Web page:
The APR is one of the most important numbers when deciding on a loan, as it determines total borrowing costs. An APR is set based on your credit score, income and the term and amount of the loan.
Expect a higher interest rate if you’re in the market for a longer-term loan or if your credit score is fair or poor. A shorter loan term or higher credit score means you’ll likely have access to better rates. The lender will also factor in fees, so review the loan’s structure.
Ideally, you want a lower APR to get a more affordable monthly payment and keep more money in your pocket. An APR just a few points higher could make the loan far more expensive.
To illustrate, imagine you get a 48-month, $36,000 auto loan with a 6 percent interest rate. The monthly payment will be $845, and you’ll pay $4,582 in interest over the loan term. But if your rate is 8 percent, you’ll pay $879 per month and $6,186 in interest for the duration of the loan.
You have a set number of months to repay your auto loan. A typical auto loan term ranges anywhere from 24 to 84 months. If you plan to purchase a new car and keep it for a long time, you’ll owe a lower monthly payment by taking out a longer-term loan — but you’ll pay more interest over time and be charged a higher interest rate. To save that money, take out a shorter term. Just make sure the payments are well within your budget.
For example, a $25,000, 36-month loan with an interest rate of 5 percent will cost you $749 per month and $1,974 in interest. A loan for the same amount and interest rate with a 60-month term has a far lower monthly payment of $472, but the interest costs are $3,307 — a difference of $1,333.
The two main fees you may see are the origination fee and the documentation fee. The origination fee is the amount you pay to secure the loan. The documentation fee covers the lender’s costs for securing your loan.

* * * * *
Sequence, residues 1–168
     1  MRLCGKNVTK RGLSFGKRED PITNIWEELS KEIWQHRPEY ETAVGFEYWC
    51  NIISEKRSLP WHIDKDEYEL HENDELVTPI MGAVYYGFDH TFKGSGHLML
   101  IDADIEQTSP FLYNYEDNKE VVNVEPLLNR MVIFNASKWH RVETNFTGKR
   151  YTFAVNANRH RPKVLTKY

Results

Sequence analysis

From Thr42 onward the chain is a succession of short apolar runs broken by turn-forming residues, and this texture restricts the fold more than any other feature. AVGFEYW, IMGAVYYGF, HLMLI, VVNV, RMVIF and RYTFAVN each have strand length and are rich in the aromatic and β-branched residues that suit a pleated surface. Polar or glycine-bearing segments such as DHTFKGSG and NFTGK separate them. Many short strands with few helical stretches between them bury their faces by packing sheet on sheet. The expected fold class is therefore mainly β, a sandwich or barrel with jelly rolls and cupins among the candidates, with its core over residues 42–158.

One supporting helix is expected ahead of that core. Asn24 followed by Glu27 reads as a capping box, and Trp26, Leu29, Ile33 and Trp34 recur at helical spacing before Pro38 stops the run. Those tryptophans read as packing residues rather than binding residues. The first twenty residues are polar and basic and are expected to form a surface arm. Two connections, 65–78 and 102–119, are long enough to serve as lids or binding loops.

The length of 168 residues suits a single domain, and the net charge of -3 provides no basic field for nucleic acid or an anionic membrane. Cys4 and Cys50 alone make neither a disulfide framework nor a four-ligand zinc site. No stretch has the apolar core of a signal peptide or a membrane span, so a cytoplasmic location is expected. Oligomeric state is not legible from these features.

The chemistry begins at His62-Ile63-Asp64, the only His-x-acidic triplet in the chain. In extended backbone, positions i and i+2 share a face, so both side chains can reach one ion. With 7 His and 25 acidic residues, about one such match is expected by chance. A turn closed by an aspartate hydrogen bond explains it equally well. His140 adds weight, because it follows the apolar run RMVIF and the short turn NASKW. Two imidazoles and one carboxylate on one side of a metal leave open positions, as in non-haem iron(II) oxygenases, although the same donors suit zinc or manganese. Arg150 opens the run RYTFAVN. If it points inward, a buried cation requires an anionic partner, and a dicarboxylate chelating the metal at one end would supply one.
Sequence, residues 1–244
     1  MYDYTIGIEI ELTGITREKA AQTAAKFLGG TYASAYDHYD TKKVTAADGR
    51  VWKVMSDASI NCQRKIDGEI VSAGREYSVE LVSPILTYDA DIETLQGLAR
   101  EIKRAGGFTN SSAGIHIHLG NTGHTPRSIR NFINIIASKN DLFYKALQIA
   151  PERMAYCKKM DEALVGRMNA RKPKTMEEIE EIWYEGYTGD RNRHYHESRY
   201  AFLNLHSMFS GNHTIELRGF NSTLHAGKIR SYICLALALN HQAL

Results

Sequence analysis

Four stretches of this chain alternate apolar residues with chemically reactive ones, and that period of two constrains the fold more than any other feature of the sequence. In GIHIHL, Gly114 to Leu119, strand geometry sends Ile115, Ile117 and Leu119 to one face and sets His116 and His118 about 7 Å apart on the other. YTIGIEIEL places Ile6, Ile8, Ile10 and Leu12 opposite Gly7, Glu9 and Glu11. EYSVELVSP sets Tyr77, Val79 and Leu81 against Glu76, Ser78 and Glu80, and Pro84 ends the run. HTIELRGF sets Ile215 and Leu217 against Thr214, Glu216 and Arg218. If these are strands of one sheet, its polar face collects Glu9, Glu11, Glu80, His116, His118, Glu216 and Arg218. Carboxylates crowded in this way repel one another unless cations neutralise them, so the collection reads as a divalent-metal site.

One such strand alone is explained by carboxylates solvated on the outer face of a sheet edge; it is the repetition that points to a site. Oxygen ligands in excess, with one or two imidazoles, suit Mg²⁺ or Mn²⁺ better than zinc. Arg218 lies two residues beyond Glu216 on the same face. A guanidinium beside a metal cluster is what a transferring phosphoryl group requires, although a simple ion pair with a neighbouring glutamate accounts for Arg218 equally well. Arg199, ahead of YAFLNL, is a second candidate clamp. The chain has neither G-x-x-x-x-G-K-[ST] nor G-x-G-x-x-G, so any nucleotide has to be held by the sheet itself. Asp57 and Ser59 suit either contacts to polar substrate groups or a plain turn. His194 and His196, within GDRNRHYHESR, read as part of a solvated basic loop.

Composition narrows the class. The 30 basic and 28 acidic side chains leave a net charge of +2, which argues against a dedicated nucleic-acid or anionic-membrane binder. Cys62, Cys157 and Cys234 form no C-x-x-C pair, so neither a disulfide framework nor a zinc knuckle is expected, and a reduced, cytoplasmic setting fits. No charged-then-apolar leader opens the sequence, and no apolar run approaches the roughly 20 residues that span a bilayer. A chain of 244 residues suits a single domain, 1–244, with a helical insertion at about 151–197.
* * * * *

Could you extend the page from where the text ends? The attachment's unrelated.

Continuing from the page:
The bottom line
Simply, a car loan is an agreement between the lender and you, the borrower, allowing you to borrow money for an agreed-upon term to purchase a vehicle. While getting a car loan can be more complex than getting a personal loan, it is still possible to do it yourself and land a good deal. Doing so just takes time and research.
FAQs about auto loans
To transfer a car loan to another person, you have two options. The most straightforward is to sell the car to the other person, who then takes out a private-party auto loan to pay off the lender. Alternatively, you can refinance the loan in the other person’s name. In this case, both you and the co-signer must sign the loan. The car’s title will be updated with the co-signer’s name alongside yours.
You will then have to refinance again to remove your name from the loan and title. It’s best to only attempt this if significant time has passed since the car was last refinanced, due to the potential negative impact on your credit score. If you decide to refinance, it’s best to have a co-signer with a high credit score and income to improve the chances of approval.
Though loans on new and used cars work the same way, the details can differ. Pre-owned car loans typically have higher APRs than new car loans, but the loans often have shorter repayment terms. This means that, while you’ll pay more in interest, you’ll also get to the point of being car payment-free sooner.
In many cases, pre-owned car loans may be more accessible to a broader range of credit types than new car loans. In addition to being easier to get approved for, pre-owned car loans may also have lower down payment requirements. And because used cars typically cost less than new vehicles, loans for pre-owned cars tend to be for smaller loan amounts than new car loans.
Auto loans and leases are different. An auto loan involves buying a car and making payments until the loan is paid off. A lease involves renting a car and making payments over time until the lease is up. At the end of a loan, the buyer owns the car. But at the end of a lease, the lessee has to either return the car or buy it.